Tuesday, October 4, 2011

The Pros & Cons of Doctor-Patient Interactions

There are a lot of ways doctors are primed against patients. Frequently these are professional, psychological studies on "difficult patients." The problem is when you're a hammer, you can start to see everything as a nail. Doctors are problem-solvers. They expect to deal with problems at every patient encounter. However, it's not fair to see every patient interaction as a problem. Here's a list of pros & cons (and cons & cons) for patients when they deal with doctors.

Pro- you take responsibility for your health.
Con- "too many doctors encourage---or even demand---that [you] identify them (the doctor) as the sole source and authority for [your] medical care."

Pro- you're well educated on your disease and you know what you need based on what you've been through in the past.
Con- you get labeled as an "entitled demander" who is expected to "become hostile"... "if the doctor does question the demand."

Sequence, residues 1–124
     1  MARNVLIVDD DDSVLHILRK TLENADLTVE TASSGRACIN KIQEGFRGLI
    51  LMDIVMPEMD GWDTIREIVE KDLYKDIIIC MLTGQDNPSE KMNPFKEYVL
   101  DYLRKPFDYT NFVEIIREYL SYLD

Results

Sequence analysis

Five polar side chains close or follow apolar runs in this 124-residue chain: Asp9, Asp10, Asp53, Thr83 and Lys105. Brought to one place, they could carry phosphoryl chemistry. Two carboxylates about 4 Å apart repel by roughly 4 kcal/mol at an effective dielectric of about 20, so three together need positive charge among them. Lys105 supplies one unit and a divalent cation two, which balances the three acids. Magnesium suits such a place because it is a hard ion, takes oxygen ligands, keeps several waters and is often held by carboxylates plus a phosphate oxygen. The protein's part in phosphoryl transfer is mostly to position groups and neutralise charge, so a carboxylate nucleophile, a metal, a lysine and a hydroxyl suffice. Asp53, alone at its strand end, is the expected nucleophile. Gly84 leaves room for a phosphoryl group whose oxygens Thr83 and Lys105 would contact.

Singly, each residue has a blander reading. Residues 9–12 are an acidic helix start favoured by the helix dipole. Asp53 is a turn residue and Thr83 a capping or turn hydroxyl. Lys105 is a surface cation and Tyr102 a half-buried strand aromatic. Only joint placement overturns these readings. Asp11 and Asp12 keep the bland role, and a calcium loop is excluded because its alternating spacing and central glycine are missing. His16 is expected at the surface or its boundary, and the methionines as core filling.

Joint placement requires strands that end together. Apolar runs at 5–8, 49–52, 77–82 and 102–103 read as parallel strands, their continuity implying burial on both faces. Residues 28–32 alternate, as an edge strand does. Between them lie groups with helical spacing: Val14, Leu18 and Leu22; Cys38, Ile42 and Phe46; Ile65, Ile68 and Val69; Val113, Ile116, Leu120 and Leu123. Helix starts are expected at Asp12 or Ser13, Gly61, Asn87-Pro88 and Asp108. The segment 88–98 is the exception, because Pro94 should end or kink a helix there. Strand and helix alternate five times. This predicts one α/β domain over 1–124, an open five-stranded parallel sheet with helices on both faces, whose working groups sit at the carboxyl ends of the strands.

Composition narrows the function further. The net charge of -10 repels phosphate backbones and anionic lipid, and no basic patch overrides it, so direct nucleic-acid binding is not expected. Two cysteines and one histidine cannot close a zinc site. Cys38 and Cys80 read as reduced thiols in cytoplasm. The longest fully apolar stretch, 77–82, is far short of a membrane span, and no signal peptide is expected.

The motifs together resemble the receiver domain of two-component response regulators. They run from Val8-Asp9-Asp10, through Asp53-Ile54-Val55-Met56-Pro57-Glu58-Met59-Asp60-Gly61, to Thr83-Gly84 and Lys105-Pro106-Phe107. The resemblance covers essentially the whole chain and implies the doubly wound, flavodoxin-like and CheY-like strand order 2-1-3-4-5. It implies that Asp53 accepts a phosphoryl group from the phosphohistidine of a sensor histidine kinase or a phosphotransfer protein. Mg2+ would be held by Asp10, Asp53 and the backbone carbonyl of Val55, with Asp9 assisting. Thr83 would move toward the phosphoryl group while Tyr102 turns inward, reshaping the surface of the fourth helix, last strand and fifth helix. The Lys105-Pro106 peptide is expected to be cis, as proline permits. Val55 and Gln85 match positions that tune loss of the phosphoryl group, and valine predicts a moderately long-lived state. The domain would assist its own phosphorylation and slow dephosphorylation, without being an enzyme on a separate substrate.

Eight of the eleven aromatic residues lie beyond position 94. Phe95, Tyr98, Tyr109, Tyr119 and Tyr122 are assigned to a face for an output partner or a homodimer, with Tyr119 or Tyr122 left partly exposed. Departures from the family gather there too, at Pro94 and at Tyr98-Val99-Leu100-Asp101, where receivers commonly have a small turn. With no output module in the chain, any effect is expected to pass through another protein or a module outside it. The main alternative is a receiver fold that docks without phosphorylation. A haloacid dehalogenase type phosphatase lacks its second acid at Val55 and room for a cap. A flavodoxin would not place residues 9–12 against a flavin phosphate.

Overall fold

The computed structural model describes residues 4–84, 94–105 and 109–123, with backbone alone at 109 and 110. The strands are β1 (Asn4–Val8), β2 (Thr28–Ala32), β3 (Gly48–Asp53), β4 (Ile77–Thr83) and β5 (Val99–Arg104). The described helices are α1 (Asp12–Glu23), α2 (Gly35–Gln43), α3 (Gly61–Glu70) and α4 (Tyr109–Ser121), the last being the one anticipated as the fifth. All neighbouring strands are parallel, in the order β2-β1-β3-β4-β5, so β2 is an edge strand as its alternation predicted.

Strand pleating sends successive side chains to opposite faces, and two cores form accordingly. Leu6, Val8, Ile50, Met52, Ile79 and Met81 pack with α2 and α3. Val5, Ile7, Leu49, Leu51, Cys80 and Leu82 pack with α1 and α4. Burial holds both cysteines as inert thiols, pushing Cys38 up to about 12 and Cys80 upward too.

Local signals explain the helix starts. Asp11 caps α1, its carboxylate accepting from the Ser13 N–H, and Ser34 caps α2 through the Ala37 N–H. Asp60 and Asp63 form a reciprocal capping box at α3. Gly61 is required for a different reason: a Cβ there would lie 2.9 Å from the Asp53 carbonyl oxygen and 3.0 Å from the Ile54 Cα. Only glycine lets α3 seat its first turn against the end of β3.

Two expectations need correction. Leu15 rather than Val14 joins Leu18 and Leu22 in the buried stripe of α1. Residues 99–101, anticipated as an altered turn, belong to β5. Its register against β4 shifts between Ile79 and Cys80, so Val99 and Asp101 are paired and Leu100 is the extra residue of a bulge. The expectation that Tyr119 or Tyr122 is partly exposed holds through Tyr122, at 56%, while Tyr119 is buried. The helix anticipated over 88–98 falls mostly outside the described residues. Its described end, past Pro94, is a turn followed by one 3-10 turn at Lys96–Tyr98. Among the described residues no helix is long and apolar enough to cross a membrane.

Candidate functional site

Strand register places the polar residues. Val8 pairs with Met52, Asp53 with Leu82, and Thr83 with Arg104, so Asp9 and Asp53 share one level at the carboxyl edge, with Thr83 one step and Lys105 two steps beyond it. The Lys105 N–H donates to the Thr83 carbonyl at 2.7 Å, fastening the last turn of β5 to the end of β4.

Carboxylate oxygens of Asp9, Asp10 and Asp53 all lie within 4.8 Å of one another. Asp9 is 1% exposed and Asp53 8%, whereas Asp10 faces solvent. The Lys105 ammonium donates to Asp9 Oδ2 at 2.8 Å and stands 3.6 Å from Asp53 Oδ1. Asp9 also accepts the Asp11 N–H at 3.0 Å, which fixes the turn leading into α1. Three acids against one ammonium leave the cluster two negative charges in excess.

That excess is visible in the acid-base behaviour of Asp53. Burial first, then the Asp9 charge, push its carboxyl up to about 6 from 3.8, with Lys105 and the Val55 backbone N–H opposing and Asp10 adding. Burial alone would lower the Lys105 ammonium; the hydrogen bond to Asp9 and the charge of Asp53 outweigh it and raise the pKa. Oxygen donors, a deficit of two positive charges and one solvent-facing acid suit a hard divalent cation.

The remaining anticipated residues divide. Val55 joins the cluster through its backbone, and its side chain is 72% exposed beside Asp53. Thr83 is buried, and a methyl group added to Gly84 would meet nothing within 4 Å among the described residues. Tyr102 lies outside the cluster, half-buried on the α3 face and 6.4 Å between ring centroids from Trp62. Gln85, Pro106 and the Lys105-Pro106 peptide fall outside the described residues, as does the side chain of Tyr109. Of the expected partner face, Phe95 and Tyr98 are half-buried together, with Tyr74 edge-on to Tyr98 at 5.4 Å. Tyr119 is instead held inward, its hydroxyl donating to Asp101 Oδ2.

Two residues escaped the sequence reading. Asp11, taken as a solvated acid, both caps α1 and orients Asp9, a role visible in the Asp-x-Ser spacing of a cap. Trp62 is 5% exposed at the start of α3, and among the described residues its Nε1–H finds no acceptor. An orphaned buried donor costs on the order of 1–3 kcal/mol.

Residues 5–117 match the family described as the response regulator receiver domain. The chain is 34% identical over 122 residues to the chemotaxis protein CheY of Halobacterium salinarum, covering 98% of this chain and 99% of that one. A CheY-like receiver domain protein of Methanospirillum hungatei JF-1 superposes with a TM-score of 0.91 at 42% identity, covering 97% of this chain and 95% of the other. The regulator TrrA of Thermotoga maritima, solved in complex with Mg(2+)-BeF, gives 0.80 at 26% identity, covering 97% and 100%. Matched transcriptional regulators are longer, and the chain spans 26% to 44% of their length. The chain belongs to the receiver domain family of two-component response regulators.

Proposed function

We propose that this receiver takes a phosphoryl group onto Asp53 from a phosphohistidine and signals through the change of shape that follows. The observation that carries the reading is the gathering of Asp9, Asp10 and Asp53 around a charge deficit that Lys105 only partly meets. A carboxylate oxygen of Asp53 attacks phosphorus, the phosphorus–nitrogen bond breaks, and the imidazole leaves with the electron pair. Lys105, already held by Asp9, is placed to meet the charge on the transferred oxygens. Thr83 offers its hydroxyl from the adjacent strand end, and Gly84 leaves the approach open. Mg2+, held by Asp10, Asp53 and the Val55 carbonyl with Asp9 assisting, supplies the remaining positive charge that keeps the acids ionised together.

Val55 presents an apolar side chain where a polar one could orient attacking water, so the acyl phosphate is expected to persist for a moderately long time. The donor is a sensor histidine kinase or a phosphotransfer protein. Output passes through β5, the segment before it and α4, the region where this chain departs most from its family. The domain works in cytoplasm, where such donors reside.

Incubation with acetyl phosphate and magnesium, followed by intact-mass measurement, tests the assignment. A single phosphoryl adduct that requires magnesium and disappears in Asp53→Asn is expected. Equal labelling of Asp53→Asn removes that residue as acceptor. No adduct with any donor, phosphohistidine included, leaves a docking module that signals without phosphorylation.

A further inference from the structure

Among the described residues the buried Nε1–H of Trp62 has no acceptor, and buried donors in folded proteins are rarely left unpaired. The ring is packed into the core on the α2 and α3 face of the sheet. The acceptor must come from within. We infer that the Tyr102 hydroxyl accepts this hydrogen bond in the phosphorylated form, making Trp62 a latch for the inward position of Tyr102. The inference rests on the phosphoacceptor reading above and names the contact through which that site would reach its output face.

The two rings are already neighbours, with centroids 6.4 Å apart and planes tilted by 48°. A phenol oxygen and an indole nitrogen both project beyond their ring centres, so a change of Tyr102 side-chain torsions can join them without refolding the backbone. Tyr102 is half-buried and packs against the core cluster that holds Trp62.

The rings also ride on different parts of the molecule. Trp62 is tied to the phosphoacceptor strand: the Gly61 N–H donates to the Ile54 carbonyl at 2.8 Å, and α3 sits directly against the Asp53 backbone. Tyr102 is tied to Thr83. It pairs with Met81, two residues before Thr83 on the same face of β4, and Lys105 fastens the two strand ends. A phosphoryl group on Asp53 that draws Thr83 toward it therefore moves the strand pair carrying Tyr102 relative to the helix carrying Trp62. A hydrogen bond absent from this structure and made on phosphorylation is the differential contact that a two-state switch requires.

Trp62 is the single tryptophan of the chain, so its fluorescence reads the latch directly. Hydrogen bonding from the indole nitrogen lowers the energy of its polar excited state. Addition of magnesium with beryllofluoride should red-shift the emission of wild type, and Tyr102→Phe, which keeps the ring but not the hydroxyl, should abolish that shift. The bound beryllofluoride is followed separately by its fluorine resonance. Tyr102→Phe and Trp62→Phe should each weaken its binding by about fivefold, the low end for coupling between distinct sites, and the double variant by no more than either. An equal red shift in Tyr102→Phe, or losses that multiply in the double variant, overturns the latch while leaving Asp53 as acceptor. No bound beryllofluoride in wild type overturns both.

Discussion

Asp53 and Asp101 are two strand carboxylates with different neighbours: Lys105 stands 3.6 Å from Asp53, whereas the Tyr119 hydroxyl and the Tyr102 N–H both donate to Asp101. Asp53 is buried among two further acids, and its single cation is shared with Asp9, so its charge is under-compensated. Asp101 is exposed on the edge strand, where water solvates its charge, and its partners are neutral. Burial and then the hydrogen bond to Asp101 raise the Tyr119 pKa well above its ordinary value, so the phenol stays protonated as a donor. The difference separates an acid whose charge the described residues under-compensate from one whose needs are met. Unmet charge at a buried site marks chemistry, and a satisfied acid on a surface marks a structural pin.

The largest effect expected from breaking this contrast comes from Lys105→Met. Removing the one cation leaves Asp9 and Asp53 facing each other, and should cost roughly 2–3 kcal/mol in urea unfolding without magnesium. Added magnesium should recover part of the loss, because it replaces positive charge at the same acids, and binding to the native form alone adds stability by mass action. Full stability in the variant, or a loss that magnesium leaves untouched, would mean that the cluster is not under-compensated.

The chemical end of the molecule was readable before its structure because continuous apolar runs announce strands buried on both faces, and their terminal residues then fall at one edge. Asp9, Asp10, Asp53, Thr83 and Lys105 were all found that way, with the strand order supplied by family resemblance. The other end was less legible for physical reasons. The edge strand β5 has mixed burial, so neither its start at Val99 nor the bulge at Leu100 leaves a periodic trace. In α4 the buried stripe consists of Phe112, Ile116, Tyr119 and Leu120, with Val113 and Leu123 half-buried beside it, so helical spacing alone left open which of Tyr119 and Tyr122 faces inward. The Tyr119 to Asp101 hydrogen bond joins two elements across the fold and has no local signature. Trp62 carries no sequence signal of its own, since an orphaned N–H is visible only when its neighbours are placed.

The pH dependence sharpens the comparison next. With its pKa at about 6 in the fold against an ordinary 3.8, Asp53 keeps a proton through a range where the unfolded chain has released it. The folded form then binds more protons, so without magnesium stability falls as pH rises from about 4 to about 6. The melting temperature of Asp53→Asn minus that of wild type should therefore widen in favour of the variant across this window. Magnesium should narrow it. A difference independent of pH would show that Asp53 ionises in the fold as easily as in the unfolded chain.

Pro- you're vigilant about your symptoms, keeping records of how you're doing so the doctor can have a complete documentation of your disease.
Con- "Patients deemed difficult included those with more than five symptoms..."

Con- you have symptoms that are difficult to treat.
Con- "It is much easier to say, "She is such a difficult patient! She is never happy with her care!" than to say, "I feel angry and helpless when I see her because it seems like nothing improves her symptoms!""

Con- you have symptoms that can't be seen on a scan or proven with a blood test.
Con- you're seen as a patient "who repeatedly complain[s] about symptoms for which no physical cause can be found"

Con- you have chronic pain.
Con- "Treatment of chronic pain puts doctors in a no win situation."

Just because a patient comes with problems doesn't mean the patient is a problem.

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